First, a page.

(PS- Huge thanks to my friend Russ Levi for allowing me to borrow the pixel stick, the prisms, and all the other fun trinkets. We had a great time experimenting!)

 

To Be Woman – Part 3

As time goes on and I continue this project I feel an ever stronger urger to continue sharing stories of women who fight and overcome. There is so much strength that comes from listening to others. Stories that feel so personal to the teller sometimes make a profound impact on the most unlikely listener. Stories preserve our past and help us create a stronger, smarter, kinder future. As we push forward into uncertain waters, I hope we can all take the time to listen and share with one another in the hopes of creating a more connected and respectful world.

Please view the previous installments of the project here:

To Be Woman

To Be Woman: Part 2

If you’re interested in becoming a part of this project and sharing your story, please don’t hesitate to reach out to me personally HERE.

MARIAH C.

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To be a woman is to be mocked by the man behind the counter at Calumet Photographic:

He made fun of me, laughing at me, telling me I was “mixing two alcohols” by purchasing film chemistry & cf cards.

I shall not be moved by sexism

To be a woman is to be sexually harassed by the man who owns the photo studio down the street:

He put his hands all over my shoulders, neck, stomach, back, while he told me he treats photography as sexual foreplay & only photographs women he wants to fuck; then he asked to photograph me.

I shall not be moved by patriarchy

To be a woman is to be abashed by the promoter who puts on Erotic Art Events:

He asked me to lie & advertise false sales, I was to only bring in female models for “the patrons delight”, no male models, then he ran his hand down my thigh, & patted my ass.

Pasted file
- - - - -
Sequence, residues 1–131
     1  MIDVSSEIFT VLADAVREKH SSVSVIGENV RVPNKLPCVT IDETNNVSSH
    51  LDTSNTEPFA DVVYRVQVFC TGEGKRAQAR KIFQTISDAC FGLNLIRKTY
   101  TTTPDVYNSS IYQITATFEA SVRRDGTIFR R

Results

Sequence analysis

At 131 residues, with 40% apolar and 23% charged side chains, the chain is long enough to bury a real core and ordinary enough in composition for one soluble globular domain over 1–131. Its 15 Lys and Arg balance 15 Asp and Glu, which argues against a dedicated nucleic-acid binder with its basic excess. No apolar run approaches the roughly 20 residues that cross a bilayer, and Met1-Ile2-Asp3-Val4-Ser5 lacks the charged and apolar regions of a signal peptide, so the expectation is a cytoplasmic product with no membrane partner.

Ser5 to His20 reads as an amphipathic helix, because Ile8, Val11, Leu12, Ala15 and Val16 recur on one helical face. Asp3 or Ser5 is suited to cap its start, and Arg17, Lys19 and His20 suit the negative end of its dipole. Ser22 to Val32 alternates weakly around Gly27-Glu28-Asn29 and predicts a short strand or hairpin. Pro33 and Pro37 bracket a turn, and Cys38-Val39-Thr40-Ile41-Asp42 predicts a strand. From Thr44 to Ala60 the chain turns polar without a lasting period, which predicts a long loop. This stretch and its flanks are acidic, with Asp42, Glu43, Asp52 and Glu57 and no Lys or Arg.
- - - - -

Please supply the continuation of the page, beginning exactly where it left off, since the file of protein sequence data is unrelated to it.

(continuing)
I shall not be moved by chauvinism

To be a woman is to promote the idea that my work is amazing, phenomenal & groundbreaking though, when the exact same work is presented by a man, it is be merely mediocre.

I shall not be moved when Forbes states that my photography profession is “ruled” by women.

Women only represent 50% in number & average less than 17K annually.

http://fortune.com/2013/03/11/5-professions-ruled-by-women
To be a woman is to break the glass ceiling, only to be sliced open as is shatters.

JENNIFER C.

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I have been called River Diva. I have been called Last Chance Hollywood Cuddlenick. I have been called bitch and every other demeaning name under the sun. I have been told I don’t belong on the river, never mind that I have achieved numerous certifications and have many years of experience. I will never be hired at certain companies in Canada, Switzerland and Italy, all for the single reason that they don’t hire women. I have heard the disappointment in a customer’s voice when they realize they “have gotten the girl guide.” I prove them wrong every single time. However, I shouldn’t have to. Me being a female guide isn’t the problem. The outdated notion of what a woman “should be” or “can do” is the problem. I am exactly where I should be – doing what I love. I have been called Adventure Barbie, but make no mistake, I am no Barbie Doll.

TO BE WOMAN

This project is about women; women who have felt hopeless; women who have gained strength; women whose stories deserve to be heard and appreciated. In a time when progression can sometimes feel like it’s falling by the wayside, these women remind me that there is still so much good worth sharing and working towards. There is so much strength and so much power to be found in their lives, in their words, and in their souls.